Lomas’ database is continually updated, so we are seeing what words our multilingual student community can come up with. I’d be interested to hear contributions from readers of useful words you have found that have no direct English translation.

Post finished and I’m starting to feel some suaimhneas croi.
Reference:

Lomas, T. (2016). Towards a positive cross-cultural lexicography: Enriching our emotional landscape through 216 ‘untranslatable’ words pertaining to well-being The Journal of Positive Psychology, 1-13 

 

    Don’t Read This – learning with a little reverse psychology

    In December I contributed at a TeachMeet organised by Rob Bown (@CheneyLearning1) at Cheney School, Oxford. My presentation was about using visual cues to help A Level students link researchers with particular research studies and theories.

    However, what seemed to catch most people’s imagination was one particular type of resource I mentioned – file and folders I n the student shared network area specifically titled ‘do not read this’. I haven’t found a better way of getting students to read files!

    The presentation was about how I’d addressed the increased number of named researchers on the new AQA A Level Psychology specification. Some students find it difficult to link researchers with particular studies or theories, so I wanted to introduce more support.

    I introduced more photos of researchers into my teaching. One way was by linking them to descriptions of their work and research findings. 

      
    Another was to add visual cues when we were thinking about the significance of their research findings in class.

     

     
    I also did this when we looked at how researchers were influenced by the work of others.

      

    Apart from these visual cues within lessons, I also gave some biographical detail and encouraged students to research the life and work of psychologists as homework. In addition to all this, I ‘hid’ some further information in plain sight on the student area of the network. Each folder is headed with something like ‘Do not open’ or ‘Don’t read this!

     These files go beyond the specification content to consider issues connected with the research covered in lessons and the background of researchers. For example, for the social psychology unit on social influence, I wrote a piece considering the fact that so many researchers in the field of minority influence themselves grew up as members of deprived, and sometimes persecuted, minority groups. These seem to have met with a good response; I quipped at the TeachMeet that I haven’t found a better way of getting students to read around the subject. Of course, I have to use this approach sparingly or the network would just become cluttered with files telling people not to read them!

    Does it work? Well comparing the responses of students to 12 mark questions  this year and last year, there has been an increase in accurate references linking researchers to studies/theories of around 40%, so it does seem to help. I do think it’s a strategy that can be applied to any subject with similar requirements; I hope you find it useful.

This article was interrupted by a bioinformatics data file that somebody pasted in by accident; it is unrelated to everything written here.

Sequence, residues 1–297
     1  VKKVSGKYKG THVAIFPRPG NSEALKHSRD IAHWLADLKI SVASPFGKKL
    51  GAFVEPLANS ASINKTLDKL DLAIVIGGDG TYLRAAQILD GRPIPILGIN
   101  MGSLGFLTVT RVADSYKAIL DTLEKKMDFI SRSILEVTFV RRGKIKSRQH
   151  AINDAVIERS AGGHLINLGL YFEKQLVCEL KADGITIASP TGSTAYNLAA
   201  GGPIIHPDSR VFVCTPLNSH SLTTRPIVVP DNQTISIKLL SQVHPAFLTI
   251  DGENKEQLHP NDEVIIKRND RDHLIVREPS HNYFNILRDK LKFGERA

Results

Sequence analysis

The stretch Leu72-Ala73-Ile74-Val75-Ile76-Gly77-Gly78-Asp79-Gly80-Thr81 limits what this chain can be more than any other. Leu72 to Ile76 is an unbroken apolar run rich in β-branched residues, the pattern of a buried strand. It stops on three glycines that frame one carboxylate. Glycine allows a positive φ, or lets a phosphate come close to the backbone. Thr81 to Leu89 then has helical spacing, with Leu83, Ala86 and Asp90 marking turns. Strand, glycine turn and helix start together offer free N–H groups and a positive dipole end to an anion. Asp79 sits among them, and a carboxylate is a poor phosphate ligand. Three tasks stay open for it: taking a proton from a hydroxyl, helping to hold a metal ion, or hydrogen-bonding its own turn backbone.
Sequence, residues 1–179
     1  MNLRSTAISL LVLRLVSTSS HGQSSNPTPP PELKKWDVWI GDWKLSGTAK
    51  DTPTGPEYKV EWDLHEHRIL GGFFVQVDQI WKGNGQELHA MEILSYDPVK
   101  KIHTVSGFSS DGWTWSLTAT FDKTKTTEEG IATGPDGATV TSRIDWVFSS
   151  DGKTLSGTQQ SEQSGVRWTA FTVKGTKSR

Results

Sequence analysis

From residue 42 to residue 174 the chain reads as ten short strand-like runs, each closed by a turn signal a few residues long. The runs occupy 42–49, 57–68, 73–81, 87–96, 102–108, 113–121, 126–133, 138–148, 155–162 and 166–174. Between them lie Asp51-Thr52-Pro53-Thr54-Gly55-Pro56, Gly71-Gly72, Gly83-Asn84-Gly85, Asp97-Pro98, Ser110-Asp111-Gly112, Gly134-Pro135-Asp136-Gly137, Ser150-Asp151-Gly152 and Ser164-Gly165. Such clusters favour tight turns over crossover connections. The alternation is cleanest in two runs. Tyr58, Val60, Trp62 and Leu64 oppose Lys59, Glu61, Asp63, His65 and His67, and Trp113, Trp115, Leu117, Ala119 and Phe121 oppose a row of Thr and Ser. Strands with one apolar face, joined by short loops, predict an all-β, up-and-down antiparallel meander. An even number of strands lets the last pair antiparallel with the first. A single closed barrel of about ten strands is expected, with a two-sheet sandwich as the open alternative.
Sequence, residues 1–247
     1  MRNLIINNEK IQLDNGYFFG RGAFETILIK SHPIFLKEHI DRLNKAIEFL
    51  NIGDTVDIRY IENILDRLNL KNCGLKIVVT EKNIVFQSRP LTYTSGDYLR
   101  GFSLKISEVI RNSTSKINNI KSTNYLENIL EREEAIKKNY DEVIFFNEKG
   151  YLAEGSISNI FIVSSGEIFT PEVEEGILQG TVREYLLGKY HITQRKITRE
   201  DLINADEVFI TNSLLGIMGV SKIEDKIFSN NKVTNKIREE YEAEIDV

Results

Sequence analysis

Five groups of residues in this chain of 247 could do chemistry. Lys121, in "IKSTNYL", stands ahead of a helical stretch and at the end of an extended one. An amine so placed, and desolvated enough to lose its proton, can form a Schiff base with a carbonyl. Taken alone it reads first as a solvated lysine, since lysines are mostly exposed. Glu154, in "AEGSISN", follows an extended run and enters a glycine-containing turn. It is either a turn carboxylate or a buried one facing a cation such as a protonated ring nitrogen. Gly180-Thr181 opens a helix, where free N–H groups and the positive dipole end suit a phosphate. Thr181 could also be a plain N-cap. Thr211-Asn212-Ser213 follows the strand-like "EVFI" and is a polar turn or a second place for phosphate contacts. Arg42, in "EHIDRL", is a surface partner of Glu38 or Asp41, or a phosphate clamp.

Your comments are always useful and I’d love to here about strategies you use to address this issue.

    Creative Arts – Their Place in the Whole School Curriculum

    we have had a couple of arts-based school trips this week. Year 11 went to the Pitt-Rivers Museum in Oxford to research for their GCSE Art project work and the music department ran a trip to see ‘Stomp’ at the New Theatre, Oxford, on Friday night. Next week, nearly 200 students will take part in performing arts workshops run by international group Gen Verde. These will culminate in a public concert in a 1,000- seat auditorium.

    Why are we doing all this?  It’s not going to have a direct impact on our English & Maths results. It certainly doesn’t make a jot of difference as far as the EBacc is concerned. Nevertheless, we do it because it’s important.

    Arts provide a way for pupils to express themselves and fulfill their creative potential. A curriculum missing the arts cannot represent all that pupils are capable of expressing or achieving, nor can it prepare them to take up their role in society. Who would want to live in a society bereft of art, literature, theatre or music? It’s important therefore that we don’t view arts in school as an extra; a ‘desirable’ but not an ‘essential’. We know that children can be mathematicians and musicians, scientists and sculptors, astronomers and actors – they shouldn’t be forced to choose. The arts should not be in competition with maths, science or any other subject. An appreciation of the arts, and opportunities to explore our creativity enable us to be better writers, mathematicians, scientists, historians, etc. In short, the arts enable us to be better people, because artistic creativity is part of what it means to be human.

    If we need to be pragmatic, the arts are also a major contributor to the UK economy. In 2013, the Arts Council reported that the Arts and culture industry had an annual turnover of £12.4 billion, bringing nearly £6 billion of gross added value into the UK economy (you can read the report here). Earlier this year, the Department for Culture media & sport estimated that the wider creative arts, media and entertainments industry accounted for 1.7 million jobs and was worth £76.9 billion a year to our economy (read more here).

    So arts in education allow students to develop their creativity and reach their full potential as whole individuals, they enrich society and enable us all to lead more fulfilled lives, and they form a key part of our economy. Their absence from the the EBacc makes a mockery of the concept. It’s an omission that schools must address: The Arts may have missed out at the DfE, but we can’t let them be missing from the experience of the children we teach.

    I welcome your comments. I’d also like to hear how schools integrate arts into the curriculum.

    I’ve also written about the place of practical science in the whole school curriculum here.